In the film ‘Zidane: A 21st Century Portrait’ we get to watch him for a full match. We see the French football god gently dribbling, pointing and above all endlessly scanning his environment. You don’t know where he looks, his eyes disappear invisibly in the dark shadow of his eye sockets, but he has always seen the space. When he gets the ball, he usually passes it on after two or three touches. His dribbling and feints made Zidane world-famous, but his overview and quick passes brought the Frenchman the 1998 World Championship and the European Championship two years later with Les Bleus.
PLACE DE LA TARTARE
Zidane grew up in Castellane, a poor suburb of Marseille, he was the youngest in a family of five children. In their biography about Zidane, Patrick Fort and Jean Philippe write that as a boy he sometimes fell asleep in a close embrace with the ball. He played football on the Place de la Tartare, the concrete square adjacent to the apartment where he lived.
“I was far from the only good footballer on the Place de la Tartare,” he says in his biography. “But I was the only one who never stopped.” His father Ismail had to work day and night to support his children. To save money, he cut the hair of his children’s himself.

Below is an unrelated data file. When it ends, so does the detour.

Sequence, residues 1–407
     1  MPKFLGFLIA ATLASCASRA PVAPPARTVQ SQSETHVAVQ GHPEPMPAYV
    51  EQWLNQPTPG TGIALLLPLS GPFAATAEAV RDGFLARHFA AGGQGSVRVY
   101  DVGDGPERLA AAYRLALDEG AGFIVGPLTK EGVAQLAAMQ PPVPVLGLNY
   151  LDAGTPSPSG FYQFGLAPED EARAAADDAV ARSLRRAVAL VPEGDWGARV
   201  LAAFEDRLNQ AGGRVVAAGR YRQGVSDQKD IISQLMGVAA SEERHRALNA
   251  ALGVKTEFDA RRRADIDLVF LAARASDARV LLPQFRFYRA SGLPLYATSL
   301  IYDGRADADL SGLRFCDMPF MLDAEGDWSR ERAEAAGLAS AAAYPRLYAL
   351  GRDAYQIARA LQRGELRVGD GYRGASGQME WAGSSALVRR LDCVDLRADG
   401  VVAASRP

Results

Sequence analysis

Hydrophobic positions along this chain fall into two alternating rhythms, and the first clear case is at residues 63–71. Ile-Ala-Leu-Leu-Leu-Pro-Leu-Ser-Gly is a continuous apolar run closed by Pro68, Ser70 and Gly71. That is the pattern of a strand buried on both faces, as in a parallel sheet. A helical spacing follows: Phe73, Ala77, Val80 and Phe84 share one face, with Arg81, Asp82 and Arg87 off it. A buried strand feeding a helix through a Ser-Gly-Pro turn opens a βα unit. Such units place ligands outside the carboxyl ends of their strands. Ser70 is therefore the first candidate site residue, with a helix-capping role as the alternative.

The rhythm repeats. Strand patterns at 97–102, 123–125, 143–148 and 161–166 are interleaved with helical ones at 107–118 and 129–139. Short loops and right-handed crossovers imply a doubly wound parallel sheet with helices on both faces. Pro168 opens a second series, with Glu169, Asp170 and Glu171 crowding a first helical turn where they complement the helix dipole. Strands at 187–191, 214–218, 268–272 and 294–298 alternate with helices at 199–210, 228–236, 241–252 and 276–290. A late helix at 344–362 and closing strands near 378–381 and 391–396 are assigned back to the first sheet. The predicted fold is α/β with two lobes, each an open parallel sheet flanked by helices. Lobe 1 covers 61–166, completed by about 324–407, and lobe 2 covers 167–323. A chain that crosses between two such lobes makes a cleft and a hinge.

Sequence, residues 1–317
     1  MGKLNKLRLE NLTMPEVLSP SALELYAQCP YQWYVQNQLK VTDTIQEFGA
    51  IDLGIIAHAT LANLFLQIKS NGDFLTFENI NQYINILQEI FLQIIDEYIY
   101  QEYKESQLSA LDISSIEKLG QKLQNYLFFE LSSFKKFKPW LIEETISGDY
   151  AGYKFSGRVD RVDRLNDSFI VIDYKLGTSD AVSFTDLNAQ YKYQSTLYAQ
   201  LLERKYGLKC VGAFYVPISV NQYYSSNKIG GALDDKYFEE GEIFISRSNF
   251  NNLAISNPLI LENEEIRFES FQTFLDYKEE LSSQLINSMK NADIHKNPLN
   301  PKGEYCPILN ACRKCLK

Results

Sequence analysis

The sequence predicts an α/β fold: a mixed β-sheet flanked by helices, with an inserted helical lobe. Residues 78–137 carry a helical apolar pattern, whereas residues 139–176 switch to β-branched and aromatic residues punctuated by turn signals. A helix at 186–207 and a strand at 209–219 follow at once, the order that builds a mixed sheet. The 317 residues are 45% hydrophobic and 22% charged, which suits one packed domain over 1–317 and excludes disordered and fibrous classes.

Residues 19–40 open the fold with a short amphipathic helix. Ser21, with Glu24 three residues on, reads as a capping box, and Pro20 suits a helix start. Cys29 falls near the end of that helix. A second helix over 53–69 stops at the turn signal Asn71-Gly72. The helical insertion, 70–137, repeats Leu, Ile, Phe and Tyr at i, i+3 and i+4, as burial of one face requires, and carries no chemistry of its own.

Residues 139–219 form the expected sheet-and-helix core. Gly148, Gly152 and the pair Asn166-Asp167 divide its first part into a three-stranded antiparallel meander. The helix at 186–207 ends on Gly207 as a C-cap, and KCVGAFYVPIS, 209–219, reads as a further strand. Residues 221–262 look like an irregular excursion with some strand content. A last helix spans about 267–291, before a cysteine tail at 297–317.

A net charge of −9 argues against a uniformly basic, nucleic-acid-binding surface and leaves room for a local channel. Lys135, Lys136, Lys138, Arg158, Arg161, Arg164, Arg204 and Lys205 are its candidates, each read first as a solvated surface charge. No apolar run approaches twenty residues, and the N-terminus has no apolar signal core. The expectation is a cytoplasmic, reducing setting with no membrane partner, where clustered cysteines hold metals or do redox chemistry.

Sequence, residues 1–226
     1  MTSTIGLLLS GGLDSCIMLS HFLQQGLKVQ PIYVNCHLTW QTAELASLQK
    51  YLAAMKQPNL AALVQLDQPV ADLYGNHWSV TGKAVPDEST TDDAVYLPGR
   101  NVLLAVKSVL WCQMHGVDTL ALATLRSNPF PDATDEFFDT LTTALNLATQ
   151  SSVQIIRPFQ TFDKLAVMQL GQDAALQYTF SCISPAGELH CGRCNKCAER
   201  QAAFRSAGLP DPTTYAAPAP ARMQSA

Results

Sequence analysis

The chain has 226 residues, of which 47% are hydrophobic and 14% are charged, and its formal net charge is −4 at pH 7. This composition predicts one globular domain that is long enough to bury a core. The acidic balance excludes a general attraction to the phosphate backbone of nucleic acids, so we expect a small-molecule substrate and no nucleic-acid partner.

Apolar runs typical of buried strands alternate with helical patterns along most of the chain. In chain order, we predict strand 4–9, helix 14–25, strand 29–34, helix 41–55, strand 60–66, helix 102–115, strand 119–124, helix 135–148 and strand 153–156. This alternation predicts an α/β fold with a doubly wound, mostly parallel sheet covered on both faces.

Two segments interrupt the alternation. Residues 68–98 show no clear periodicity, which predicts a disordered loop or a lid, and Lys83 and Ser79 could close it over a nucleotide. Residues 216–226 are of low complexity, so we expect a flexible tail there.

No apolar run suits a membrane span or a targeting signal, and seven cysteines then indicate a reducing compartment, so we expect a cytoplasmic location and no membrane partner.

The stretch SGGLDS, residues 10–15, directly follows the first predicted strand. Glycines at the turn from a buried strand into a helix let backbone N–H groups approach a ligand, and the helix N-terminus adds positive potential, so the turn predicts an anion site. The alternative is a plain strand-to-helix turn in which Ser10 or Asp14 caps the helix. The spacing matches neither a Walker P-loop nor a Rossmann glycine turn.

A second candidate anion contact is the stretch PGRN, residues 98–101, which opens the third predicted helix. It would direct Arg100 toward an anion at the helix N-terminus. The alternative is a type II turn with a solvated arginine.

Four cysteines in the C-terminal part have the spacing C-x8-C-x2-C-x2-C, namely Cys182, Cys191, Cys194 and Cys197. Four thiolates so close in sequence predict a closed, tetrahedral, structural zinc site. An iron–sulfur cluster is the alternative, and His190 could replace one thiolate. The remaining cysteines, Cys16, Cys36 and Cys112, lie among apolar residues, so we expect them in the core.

MOST POULAR FRENCHMAN
After the 1998 World Cup, Zidane was number one in elections for the most popular Frenchman for decades. The victory of the multicultural les Bleus was seen as a symbol for a better French society in which black and white would not only play together on the field, but also be one off it.
In an interview with the Dutch daily Telegraaf in 2000, the Frenchman told about his origins. “The neighborhood where I grew up certainly didn’t have a good name. Violence and fights were frequent. I knew I had to watch out for it. Maybe that’s why I’ve always been a quiet boy. I never said anything more than bonjour or bonsoir to people I didn’t quite trust. Then very little can happen to you. I’ve never been a bad boy, although of course I had enough fun with my comrades. We stayed in our neighborhood because we felt safe there. The mutual control was enormous. All in all it was a special atmosphere. Especially because so many different cultures lived together. I was never aware of the concept of racism.”
Not winning, but the tricks were the most important thing for Zinedine Zidane while playing football on the Place de la Tartane. Every day he practiced the feint that would later get his name: The Zidane: A pirouette in which a player first stands lightly on the ball, then rotates 360 degrees on his axis and takes the ball further with the sole of the other foot.
He never made headlines, Zizou. In ‘The Football Menl’ Simon Kupfer writes that the French star player used to dive away as a fifteen year old when the trainer of Cannes, his then club threw a ball at him for a header. That Zidane would score twice in the World Cup final is a stunning story in itsel. That he did so twice with headers really seems too good to be true.